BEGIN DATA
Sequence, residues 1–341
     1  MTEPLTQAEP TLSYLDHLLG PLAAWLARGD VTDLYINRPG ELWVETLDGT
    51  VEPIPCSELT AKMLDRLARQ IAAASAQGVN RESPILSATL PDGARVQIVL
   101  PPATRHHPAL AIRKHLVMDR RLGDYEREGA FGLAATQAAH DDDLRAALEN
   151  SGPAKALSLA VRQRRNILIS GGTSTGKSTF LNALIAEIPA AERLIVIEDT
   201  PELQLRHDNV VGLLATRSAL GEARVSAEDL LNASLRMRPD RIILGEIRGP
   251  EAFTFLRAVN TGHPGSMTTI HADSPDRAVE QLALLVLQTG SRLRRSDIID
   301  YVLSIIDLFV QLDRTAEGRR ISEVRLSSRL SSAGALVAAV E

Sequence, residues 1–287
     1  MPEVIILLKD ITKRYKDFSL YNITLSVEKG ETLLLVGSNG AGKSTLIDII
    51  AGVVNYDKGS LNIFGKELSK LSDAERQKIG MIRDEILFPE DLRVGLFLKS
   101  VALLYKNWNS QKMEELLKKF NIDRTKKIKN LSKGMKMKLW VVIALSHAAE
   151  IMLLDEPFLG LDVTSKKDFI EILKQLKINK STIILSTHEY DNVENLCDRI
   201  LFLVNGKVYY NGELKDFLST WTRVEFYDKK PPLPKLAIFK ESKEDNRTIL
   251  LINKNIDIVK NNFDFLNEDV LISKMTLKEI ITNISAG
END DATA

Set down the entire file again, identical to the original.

Sequence, residues 1–341
     1  MTEPLTQAEP TLSYLDHLLG PLAAWLARGD VTDLYINRPG ELWVETLDGT
    51  VEPIPCSELT AKMLDRLARQ IAAASAQGVN RESPILSATL PDGARVQIVL
   101  PPATRHHPAL AIRKHLVMDR RLGDYEREGA FGLAATQAAH DDDLRAALEN
   151  SGPAKALSLA VRQRRNILIS GGTSTGKSTF LNALIAEIPA AERLIVIEDT
   201  PELQLRHDNV VGLLATRSAL GEARVSAEDL LNASLRMRPD RIILGEIRGP
   251  EAFTFLRAVN TGHPGSMTTI HADSPDRAVE QLALLVLQTG SRLRRSDIID
   301  YVLSIIDLFV QLDRTAEGRR ISEVRLSSRL SSAGALVAAV E

Sequence, residues 1–287
     1  MPEVIILLKD ITKRYKDFSL YNITLSVEKG ETLLLVGSNG AGKSTLIDII
    51  AGVVNYDKGS LNIFGKELSK LSDAERQKIG MIRDEILFPE DLRVGLFLKS
   101  VALLYKNWNS QKMEELLKKF NIDRTKKIKN LSKGMKMKLW VVIALSHAAE
   151  IMLLDEPFLG LDVTSKKDFI EILKQLKINK STIILSTHEY DNVENLCDRI
   201  LFLVNGKVYY NGELKDFLST WTRVEFYDKK PPLPKLAIFK ESKEDNRTIL
   251  LINKNIDIVK NNFDFLNEDV LISKMTLKEI ITNISAG